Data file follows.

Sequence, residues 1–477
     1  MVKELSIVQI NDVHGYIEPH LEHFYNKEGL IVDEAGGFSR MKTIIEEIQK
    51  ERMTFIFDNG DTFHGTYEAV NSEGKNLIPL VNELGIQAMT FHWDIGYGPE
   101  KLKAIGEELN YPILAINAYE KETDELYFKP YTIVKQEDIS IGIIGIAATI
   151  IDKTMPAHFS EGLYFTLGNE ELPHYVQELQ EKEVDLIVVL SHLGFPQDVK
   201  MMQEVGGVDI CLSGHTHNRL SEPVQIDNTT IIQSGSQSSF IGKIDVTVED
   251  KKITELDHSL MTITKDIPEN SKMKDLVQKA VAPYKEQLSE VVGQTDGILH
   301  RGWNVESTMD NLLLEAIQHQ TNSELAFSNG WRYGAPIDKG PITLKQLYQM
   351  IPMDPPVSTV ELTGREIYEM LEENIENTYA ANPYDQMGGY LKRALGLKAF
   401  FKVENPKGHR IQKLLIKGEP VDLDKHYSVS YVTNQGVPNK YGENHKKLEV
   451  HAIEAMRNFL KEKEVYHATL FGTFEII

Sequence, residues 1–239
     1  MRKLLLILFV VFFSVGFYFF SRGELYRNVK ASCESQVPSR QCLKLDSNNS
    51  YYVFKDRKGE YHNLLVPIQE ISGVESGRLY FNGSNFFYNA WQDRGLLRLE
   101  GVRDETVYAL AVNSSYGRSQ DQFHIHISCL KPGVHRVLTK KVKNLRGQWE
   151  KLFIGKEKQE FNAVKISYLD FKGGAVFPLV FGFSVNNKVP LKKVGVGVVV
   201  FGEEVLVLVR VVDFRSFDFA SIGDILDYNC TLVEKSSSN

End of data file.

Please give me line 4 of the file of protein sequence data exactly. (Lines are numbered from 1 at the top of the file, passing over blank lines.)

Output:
   101  KLKAIGEELN YPILAINAYE KETDELYFKP YTIVKQEDIS IGIIGIAATI